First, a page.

Ron Marz, the writer who inspired Women in Refrigerators by having a psychopath kill off the Green Lantern’s girlfriend, seems to share my thoughts in a recent interview:

You know, everybody’s up in arms talking about ‘violence toward women’ in comics, as if somehow violence toward men is perfectly fine. The point with Alex was that Major Force was a sadistic son of a bitch, and that was the first time Kyle was confronted with real evil, not to mention personal loss.

That last piece of the sentence, personal loss, is of particular importance. The fact is that comics, especially ongoing titles done by either DC or Marvel, often need some sort of shock to generate new sales. The two easiest ways to get this shock are either to do something to the main character or to do something to the supporting cast. If you do something to the main character, then that character needs to ultimately recover somehow in order to keep sales going. Superman died but came back to life, Batman got his back broken but was healed, and so on. The supporting cast, however, is fair game. They sometimes come back, but more often than not their suffering can generate sales and forever change a hero’s life, pushing the character into a new direction. That means that when a writer takes on Superman, Lois Lane and Jimmy Olson are both fair game. For the Hulk, everyone around him is bound to suffer because of the nature of the beast inside of Bruce Banner. In short, suffering knows no bounds when it comes to gender. If a character is near a superhero, that character is going to end up in trouble and possibly dead at some point because of the nature of comic books.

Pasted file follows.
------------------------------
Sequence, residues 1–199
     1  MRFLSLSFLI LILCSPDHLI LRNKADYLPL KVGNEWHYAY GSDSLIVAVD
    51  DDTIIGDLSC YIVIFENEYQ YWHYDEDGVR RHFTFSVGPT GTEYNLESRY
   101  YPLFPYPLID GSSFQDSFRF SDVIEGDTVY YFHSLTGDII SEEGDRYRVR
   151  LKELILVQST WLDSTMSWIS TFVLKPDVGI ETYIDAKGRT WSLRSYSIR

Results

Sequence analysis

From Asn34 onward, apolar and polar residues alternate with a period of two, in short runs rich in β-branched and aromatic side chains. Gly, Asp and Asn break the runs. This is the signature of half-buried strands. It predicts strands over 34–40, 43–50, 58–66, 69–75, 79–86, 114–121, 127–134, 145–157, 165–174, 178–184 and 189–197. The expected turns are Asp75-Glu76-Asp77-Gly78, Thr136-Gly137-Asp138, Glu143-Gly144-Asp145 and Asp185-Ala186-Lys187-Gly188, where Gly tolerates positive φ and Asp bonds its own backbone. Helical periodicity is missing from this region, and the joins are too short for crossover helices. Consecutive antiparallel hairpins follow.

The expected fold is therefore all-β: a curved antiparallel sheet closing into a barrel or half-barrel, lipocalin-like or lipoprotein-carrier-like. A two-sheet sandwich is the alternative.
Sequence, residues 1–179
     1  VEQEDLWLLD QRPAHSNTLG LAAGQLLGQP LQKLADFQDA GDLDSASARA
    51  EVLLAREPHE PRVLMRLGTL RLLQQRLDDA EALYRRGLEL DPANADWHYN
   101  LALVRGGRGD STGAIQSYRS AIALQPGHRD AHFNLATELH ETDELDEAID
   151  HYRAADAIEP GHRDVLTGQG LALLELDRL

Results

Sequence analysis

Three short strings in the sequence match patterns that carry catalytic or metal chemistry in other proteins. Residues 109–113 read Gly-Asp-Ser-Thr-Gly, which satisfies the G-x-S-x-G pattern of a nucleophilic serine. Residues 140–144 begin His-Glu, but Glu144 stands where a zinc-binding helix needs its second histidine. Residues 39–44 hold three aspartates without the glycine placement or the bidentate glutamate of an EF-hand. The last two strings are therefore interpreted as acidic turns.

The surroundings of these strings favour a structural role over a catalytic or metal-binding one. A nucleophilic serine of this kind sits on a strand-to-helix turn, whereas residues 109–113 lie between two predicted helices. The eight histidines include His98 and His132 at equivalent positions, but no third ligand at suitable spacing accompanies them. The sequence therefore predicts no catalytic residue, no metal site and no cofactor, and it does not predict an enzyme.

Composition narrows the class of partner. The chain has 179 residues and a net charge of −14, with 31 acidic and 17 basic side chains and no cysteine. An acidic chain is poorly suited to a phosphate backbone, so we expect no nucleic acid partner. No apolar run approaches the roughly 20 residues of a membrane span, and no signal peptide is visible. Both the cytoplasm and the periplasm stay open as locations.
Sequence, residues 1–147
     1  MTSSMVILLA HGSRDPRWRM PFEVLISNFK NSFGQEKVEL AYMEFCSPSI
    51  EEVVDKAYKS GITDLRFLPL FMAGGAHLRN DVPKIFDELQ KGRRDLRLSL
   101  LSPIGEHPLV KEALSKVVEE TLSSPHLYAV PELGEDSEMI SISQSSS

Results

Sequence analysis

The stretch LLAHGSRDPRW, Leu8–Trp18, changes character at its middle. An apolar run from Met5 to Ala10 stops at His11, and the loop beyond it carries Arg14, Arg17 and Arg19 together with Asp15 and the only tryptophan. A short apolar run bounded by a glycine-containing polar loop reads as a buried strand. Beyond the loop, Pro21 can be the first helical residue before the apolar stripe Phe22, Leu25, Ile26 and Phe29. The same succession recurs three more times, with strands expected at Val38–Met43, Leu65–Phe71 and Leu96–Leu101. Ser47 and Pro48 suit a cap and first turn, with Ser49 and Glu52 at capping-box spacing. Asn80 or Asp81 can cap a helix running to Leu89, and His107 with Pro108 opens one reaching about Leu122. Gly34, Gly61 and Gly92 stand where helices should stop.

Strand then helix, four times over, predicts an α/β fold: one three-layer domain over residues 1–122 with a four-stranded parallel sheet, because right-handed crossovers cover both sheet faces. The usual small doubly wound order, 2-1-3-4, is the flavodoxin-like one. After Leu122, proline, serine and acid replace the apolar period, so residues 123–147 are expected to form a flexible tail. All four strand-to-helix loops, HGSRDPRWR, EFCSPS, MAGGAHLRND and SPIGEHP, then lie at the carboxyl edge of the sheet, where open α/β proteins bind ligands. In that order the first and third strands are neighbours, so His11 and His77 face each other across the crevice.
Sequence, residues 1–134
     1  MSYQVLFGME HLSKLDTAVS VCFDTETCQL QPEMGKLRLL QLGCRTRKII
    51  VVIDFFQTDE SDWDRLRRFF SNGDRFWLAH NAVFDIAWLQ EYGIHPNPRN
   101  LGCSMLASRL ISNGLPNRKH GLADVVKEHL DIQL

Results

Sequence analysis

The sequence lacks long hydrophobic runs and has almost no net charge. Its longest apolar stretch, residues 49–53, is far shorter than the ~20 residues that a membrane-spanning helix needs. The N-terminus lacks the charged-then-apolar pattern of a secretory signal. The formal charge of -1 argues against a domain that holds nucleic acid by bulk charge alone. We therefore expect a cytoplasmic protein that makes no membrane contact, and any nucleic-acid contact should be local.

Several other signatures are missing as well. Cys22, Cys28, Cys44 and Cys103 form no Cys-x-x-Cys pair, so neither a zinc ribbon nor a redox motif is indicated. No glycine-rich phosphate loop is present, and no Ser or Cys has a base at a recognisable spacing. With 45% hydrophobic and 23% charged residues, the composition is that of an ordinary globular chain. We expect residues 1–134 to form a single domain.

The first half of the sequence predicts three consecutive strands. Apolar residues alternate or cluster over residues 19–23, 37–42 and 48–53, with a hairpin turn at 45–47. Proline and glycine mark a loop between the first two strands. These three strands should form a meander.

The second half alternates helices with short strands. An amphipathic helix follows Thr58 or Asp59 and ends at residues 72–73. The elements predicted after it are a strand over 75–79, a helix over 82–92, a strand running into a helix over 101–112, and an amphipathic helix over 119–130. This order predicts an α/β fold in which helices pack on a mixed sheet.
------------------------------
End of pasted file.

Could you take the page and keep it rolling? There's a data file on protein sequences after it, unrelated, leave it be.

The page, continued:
Women in Refrigerators does deal briefly with the fact that there are many men who suffer in comics as well, but the site brushes them aside with this explanation:

The fundamental difference I have seen is that the majority of male heroes, and especially our Dead Men Defrosting, are introduced to the reader with a situation or condition they must overcome. Female heroes, too, go through this; we meet them in the beginning of their tale with something about them that will play a role in their formation as heroes. But later, those same women heroes are altered again and never allowed, as male heroes usually are, the chance to return to their original heroic states.